Your cat meows. Your cat’s collar translates the sound and a voice of your choosing (using a smartphone app) speaks the translation in English. Sounds fascinating. It sounds damn useful. Everyone who lives with a domestic cat would love to know exactly what their cat is saying. It is a prototype launched in the US and New Zealand.
It won’t work despite the fancy video. Am I being too negative? It is more a fun gimmick than a genuine translation (and it does look like fun in the video). The device is a way to make some money by tapping into cat lovers’ desire to fully understand their cat. It also taps into the increasing trend of treating cats as family members. Cats truly are family members to most families. It is just that they don’t speak English. Voila, a device which fixes the problem.
The truth is, though, that people who are in tune with their cat can translate cat sounds accurately. And it is not just cat sounds which are forms of communication. You translate a cat vocalisations by observing parallel cat behaviour and habits. You also know when the sounds are made and under what circumstances. These factors allow observant cat owners to translate what a cat is saying when they vocalise.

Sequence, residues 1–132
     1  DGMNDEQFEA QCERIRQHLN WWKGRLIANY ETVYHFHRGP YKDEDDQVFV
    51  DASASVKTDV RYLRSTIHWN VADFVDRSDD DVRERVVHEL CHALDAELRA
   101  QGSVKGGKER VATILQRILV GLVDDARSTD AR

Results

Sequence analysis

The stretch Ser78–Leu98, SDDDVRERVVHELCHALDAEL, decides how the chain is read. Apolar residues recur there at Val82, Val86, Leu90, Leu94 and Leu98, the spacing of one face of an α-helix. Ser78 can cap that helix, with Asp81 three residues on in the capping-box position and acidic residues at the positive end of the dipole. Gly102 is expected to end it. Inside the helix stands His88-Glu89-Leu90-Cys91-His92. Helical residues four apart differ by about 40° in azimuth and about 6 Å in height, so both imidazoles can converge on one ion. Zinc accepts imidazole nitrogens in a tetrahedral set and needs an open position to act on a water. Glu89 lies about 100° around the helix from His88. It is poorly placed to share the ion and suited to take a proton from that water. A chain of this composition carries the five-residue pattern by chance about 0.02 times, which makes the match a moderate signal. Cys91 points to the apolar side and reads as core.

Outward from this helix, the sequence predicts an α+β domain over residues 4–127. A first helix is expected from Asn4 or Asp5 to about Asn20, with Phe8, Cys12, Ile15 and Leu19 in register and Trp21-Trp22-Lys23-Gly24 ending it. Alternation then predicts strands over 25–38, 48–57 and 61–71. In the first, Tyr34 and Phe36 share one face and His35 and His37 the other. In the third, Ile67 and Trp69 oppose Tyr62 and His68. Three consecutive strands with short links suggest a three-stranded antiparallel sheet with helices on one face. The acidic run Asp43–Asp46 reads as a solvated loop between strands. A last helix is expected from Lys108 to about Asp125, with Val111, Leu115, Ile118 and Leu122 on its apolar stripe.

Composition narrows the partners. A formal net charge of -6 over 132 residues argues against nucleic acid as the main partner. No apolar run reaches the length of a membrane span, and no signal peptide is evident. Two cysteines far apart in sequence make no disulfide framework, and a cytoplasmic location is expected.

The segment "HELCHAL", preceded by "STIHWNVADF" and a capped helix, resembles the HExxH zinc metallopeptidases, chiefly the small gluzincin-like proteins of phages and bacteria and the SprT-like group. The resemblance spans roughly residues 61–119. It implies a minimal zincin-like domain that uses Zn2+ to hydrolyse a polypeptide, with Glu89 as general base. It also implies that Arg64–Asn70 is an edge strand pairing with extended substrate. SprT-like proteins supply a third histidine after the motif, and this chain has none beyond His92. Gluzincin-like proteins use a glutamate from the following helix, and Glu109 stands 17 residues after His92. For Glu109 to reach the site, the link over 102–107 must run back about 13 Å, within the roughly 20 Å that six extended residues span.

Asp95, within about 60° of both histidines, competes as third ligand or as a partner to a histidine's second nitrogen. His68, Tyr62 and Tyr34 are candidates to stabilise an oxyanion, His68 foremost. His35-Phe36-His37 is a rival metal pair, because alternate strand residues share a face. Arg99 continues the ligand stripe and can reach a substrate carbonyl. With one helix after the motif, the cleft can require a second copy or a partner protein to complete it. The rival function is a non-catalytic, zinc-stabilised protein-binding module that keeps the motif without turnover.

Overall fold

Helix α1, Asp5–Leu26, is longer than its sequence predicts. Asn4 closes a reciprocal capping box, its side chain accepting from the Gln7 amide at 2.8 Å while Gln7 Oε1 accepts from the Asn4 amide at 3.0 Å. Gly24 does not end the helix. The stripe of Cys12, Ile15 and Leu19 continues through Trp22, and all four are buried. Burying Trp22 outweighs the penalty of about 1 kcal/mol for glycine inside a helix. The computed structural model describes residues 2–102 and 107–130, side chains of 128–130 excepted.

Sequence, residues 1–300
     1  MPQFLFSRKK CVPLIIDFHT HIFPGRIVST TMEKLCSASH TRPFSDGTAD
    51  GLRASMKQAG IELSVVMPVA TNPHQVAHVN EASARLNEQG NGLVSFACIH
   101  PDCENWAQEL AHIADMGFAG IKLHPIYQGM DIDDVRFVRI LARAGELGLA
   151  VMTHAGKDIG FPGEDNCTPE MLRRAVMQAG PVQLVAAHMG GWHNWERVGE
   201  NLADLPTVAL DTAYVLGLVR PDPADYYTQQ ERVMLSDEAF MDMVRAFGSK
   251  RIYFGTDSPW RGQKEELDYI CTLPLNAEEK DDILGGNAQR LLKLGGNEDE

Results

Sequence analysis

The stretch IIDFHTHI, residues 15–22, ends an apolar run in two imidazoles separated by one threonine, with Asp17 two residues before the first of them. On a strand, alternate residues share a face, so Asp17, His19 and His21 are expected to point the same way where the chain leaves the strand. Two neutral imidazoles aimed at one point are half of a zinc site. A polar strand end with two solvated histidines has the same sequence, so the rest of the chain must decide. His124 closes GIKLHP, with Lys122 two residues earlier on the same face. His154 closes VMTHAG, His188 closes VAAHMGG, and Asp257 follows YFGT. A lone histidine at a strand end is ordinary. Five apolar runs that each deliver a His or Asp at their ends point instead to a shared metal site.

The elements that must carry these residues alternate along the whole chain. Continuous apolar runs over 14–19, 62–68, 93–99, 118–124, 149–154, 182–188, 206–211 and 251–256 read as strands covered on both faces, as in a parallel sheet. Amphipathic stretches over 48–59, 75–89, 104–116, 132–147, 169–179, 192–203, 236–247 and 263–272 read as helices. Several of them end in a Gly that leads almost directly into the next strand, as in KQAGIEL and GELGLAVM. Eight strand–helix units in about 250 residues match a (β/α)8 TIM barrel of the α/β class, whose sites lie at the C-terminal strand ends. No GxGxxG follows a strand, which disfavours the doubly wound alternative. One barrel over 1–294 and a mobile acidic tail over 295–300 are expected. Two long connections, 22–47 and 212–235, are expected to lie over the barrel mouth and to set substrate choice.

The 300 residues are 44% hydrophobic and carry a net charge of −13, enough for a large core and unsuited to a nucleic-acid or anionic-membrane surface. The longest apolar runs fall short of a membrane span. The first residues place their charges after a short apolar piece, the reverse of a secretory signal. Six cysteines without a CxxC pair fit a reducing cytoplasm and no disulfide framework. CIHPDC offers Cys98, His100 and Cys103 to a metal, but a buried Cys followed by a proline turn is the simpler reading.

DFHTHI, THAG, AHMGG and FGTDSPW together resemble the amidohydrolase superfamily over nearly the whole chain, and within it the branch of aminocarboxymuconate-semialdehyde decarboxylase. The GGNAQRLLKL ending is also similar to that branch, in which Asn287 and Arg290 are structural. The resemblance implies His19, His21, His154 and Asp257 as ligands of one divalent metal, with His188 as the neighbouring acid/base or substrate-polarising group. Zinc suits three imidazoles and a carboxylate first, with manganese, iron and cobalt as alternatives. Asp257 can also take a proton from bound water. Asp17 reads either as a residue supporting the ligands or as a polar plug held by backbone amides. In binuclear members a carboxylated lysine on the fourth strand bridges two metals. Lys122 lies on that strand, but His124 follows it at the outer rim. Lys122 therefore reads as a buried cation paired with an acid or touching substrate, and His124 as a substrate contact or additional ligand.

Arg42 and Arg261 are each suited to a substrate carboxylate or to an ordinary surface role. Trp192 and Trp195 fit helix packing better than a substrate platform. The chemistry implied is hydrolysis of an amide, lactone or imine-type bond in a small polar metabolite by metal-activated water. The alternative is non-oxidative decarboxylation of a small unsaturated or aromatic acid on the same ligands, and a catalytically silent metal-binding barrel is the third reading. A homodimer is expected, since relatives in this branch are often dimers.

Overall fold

Communicating with a cat is about far more than the sound. There is body language, routines, habits and interactions with humans all of which build a picture from which it is possible to understand what your cat is “saying”.
A device like this can only work on the sound a cat makes. This is not the full picture. In addition, individual cats have their own range of sounds. A device like this can’t accommodate that variation. Quite a nice gimmick though. It is a big, stiff collar. It would only be sensible to let a cat wear it inside the home whilst being observed, I’d have thought. It could be dangerous. Although, I don’t want to be a killjoy.
What do you think?